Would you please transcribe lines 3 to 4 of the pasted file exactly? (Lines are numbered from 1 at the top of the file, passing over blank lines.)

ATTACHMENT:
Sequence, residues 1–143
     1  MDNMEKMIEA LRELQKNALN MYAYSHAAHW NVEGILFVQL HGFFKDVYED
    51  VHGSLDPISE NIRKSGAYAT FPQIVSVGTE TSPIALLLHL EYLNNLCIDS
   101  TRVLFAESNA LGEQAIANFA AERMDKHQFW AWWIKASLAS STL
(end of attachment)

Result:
    51  VHGSLDPISE NIRKSGAYAT FPQIVSVGTE TSPIALLLHL EYLNNLCIDS
   101  TRVLFAESNA LGEQAIANFA AERMDKHQFW AWWIKASLAS STL